In terms of materials, both devices primarily feature glass components.

While the Chemex is typically all-glass, French Presses often combine borosilicate glass carafes with stainless steel or plastic casings, offering durability and versatility.

Versatility in Brewing Parameters

Another shared characteristic is the flexibility they offer in controlling various brewing parameters to tailor your coffee to your liking.

With Chemex, you can experiment with factors like water temperature, coffee-to-water ratio, and grind size, adjusting them to achieve the desired flavor profile.

Similarly, the French Press lets you play around with coffee grounds, water temperature, and steeping time to fine-tune your brew.

Portability for On-the-Go Brewing

Despite differences in design and fragility, both the Chemex and French Press provide on-the-go coffee brewing options.

While the French Press’s sturdier construction and various portable models make it the more obvious choice for travel, you can still find portable Chemex alternatives designed to meet the needs of those who can’t bear to part with their favorite brewer while on the move.

Eco-Friendly Brewing Methods

Lastly, both brewing methods share an eco-friendly aspect.

The Chemex’s use of proprietary paper filters minimizes waste, as they are biodegradable.

French Presses, in turn, do not require any disposable filters, contributing to a reduced environmental footprint.

In a world increasingly conscious of sustainability, both these methods align with eco-conscious coffee consumption.

Verdict: Choosing Between Chemex and French Press

When it comes to selecting between the Chemex and the French Press, it boils down to your preferences and priorities.

Both methods offer distinct advantages and unique characteristics that cater to different tastes and lifestyles.

Here’s a verdict to help you decide which one might be the best fit for you:

Choose Chemex If…


You prioritize a clean and bright taste

If you’re all about that crisp, clean, and bright coffee experience, the Chemex is your ideal companion.

Its unique filter and all-glass construction ensure you get a pure, unadulterated coffee flavor, making it perfect for those who enjoy the subtleties and nuances of their coffee.

You appreciate aesthetic elegance

The Chemex’s timeless and elegant design, which has even earned a spot in museums, will grace your kitchen with sophistication.

If you want your coffee maker to double as a piece of art, the Chemex is the way to go.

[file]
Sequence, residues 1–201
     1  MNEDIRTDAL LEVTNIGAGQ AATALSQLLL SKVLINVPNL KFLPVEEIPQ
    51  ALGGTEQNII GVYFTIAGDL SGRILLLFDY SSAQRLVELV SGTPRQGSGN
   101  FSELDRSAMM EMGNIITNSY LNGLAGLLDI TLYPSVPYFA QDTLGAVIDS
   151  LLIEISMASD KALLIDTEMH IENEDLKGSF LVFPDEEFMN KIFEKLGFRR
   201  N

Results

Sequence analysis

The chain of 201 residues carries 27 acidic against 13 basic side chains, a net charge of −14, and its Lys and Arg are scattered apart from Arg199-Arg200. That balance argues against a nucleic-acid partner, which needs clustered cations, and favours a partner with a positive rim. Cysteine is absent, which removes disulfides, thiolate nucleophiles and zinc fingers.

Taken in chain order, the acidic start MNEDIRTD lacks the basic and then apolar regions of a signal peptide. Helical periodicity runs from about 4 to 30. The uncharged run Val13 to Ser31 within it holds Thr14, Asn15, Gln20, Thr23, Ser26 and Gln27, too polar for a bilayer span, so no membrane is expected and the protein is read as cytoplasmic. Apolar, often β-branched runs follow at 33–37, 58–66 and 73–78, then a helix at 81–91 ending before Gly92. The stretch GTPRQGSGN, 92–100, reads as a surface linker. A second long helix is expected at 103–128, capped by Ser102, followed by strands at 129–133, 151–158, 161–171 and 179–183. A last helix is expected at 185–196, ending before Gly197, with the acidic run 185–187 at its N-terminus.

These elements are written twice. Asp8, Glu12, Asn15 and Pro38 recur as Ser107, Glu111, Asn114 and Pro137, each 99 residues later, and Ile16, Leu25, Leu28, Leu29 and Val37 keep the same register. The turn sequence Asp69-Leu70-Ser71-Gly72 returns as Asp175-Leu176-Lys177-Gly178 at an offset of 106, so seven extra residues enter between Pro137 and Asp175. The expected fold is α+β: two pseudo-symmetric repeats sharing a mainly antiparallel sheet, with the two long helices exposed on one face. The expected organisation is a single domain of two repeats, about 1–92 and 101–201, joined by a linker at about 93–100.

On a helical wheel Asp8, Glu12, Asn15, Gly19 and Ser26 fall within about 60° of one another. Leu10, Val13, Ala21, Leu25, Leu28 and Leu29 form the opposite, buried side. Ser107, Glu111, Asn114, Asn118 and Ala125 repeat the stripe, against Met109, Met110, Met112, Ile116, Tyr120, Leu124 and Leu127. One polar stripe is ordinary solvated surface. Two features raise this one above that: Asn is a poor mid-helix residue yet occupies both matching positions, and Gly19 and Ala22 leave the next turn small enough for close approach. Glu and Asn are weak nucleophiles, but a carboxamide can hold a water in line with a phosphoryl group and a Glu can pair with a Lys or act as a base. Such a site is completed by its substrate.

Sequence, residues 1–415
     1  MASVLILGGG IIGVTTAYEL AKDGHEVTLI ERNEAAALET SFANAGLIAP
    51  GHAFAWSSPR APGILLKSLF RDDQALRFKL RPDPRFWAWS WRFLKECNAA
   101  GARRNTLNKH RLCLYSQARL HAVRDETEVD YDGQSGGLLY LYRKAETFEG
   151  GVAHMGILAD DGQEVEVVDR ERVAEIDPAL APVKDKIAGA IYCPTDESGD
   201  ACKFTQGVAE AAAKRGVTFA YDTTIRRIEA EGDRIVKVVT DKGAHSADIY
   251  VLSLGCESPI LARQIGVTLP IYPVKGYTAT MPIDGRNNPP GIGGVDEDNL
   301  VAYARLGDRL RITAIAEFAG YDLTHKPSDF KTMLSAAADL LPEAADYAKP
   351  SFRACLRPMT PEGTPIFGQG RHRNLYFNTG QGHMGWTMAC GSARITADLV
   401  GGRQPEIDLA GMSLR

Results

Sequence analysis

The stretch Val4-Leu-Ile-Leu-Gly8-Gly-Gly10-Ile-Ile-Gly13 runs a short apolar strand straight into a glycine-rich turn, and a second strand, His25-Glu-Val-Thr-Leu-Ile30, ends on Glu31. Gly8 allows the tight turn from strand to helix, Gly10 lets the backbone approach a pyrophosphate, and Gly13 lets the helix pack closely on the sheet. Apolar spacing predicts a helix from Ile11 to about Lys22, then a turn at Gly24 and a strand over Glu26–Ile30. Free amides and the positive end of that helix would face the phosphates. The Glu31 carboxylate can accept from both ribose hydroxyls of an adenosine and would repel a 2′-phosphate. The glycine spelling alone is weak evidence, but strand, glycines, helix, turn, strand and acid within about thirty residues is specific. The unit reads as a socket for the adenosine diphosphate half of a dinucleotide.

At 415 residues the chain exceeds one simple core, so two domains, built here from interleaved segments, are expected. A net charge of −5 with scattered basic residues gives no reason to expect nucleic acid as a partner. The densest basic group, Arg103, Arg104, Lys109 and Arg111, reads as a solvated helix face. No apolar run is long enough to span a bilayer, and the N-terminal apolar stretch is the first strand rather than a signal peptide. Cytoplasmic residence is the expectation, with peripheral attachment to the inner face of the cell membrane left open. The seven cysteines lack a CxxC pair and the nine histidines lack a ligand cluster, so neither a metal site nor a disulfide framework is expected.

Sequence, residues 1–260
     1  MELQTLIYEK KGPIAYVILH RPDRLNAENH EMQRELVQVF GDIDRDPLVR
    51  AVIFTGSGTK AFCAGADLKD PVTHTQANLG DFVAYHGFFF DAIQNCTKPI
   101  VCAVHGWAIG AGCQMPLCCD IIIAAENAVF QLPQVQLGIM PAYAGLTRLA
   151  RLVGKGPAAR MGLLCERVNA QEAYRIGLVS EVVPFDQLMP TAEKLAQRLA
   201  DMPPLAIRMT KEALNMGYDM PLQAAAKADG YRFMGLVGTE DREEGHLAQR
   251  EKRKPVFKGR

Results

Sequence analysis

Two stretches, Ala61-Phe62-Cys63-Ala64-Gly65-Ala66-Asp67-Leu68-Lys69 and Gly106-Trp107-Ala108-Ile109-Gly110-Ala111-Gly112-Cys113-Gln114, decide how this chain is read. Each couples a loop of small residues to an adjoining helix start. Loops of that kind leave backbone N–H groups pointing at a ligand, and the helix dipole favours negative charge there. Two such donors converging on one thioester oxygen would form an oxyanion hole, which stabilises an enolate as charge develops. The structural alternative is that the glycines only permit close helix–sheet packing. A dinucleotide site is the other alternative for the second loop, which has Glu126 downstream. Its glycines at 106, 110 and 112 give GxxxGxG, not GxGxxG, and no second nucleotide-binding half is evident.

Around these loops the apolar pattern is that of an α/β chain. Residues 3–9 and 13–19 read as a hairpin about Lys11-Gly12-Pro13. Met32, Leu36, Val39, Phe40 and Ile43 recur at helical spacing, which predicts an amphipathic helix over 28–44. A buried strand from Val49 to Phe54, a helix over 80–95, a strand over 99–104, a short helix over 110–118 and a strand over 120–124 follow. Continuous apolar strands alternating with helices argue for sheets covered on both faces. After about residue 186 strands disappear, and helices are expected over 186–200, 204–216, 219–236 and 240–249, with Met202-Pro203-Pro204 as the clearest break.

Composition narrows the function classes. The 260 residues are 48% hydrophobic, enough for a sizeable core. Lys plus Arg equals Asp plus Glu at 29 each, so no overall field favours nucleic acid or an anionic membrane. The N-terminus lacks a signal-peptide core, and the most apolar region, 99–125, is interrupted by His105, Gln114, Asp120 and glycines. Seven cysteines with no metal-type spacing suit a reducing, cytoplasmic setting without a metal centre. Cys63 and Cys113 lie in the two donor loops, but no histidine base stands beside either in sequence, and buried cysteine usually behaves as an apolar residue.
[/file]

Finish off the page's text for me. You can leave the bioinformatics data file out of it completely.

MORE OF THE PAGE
You value precision in your brewing process

If you find joy in the meticulous rituals of coffee brewing and appreciate the precision it requires, Chemex will be your ally.

It may take a bit more time and attention, but the reward is a precisely crafted cup of coffee.

Choose French Press If…


You crave a bold and robust flavor

For those who love a hearty, full-bodied coffee with a rich taste, the French Press is your ticket.

The immersion brewing process allows coffee grounds to mingle with hot water for a longer duration, delivering a punchy and robust flavor.

You seek simplicity and quick results

If your mornings are a rush or you simply prefer an uncomplicated brewing process, the French Press is your best friend.

It’s straightforward and quick, making it perfect for those who want a relatively no-fuss cup of coffee.

You value portability and versatility

The French Press excels in the portability department.

Its durable construction and various portable models make it an ideal choice for coffee lovers on the move, whether it’s for camping, traveling, or daily use.


Why is Chemex so special?

Chemex is special due to its unique design and patented filters.

Its hourglass shape and non-porous glass construction maintain the purity of your coffee’s taste, without any additional flavors.

The proprietary filters remove coffee oils and produce a clean, bright, and distinct flavor.

Is Chemex the best way to brew coffee?

There is no definitive “best” way to brew coffee, as it depends on personal preference.

Chemex is an excellent choice for those who enjoy clean and bright coffee.

However, the best brewing method varies from person to person.

Is pour-over coffee healthier than French press?

Pour-over coffee is often perceived as a healthier option compared to French press coffee primarily because of the use of a filter.

The filter in pour-over coffee traps oils and prevents them from making their way into your cup, resulting in a cleaner and milder flavor.

Furthermore, pour-over coffee typically contains less cafestol, a compound linked to raising cholesterol levels, which is found in higher concentrations in standard brewed coffee.

What’s the best bean type for French Press brewing?

The best bean type for French Press brewing is usually one with a medium to coarse grind.

Coffee beans known for their bold and full-bodied flavors, such as dark roasts or medium-dark roasts, often work well with the French Press method.

How do I keep brewed coffee hot?

To keep brewed coffee hot, use an insulated container or thermos to maintain the temperature.

Alternatively, use a coffee warmer or heating pad.

Also, consider preheating your cup or carafe to help retain the heat.

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Jacob Harris

Jacob is a coffee enthusiast who turned his passion into a career. As the owner and editor of Karma Coffee Cafe, he shares his extensive knowledge and recommendations, captivating fellow coffee lovers.